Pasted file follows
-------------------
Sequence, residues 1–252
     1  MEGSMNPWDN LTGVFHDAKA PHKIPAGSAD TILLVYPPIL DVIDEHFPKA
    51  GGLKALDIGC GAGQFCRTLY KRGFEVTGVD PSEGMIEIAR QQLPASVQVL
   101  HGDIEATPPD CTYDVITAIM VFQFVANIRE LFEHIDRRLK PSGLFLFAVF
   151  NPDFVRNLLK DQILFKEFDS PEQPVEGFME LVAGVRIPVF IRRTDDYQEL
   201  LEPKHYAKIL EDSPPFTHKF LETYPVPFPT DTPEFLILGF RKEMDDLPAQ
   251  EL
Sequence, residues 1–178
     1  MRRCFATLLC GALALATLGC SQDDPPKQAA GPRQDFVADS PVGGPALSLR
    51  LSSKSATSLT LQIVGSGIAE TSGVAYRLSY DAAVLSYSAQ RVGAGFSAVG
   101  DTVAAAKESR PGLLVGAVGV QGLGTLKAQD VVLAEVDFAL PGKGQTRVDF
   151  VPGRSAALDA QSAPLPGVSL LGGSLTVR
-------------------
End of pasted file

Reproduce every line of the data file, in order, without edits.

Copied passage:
Sequence, residues 1–252
     1  MEGSMNPWDN LTGVFHDAKA PHKIPAGSAD TILLVYPPIL DVIDEHFPKA
    51  GGLKALDIGC GAGQFCRTLY KRGFEVTGVD PSEGMIEIAR QQLPASVQVL
   101  HGDIEATPPD CTYDVITAIM VFQFVANIRE LFEHIDRRLK PSGLFLFAVF
   151  NPDFVRNLLK DQILFKEFDS PEQPVEGFME LVAGVRIPVF IRRTDDYQEL
   201  LEPKHYAKIL EDSPPFTHKF LETYPVPFPT DTPEFLILGF RKEMDDLPAQ
   251  EL
Sequence, residues 1–178
     1  MRRCFATLLC GALALATLGC SQDDPPKQAA GPRQDFVADS PVGGPALSLR
    51  LSSKSATSLT LQIVGSGIAE TSGVAYRLSY DAAVLSYSAQ RVGAGFSAVG
   101  DTVAAAKESR PGLLVGAVGV QGLGTLKAQD VVLAEVDFAL PGKGQTRVDF
   151  VPGRSAALDA QSAPLPGVSL LGGSLTVR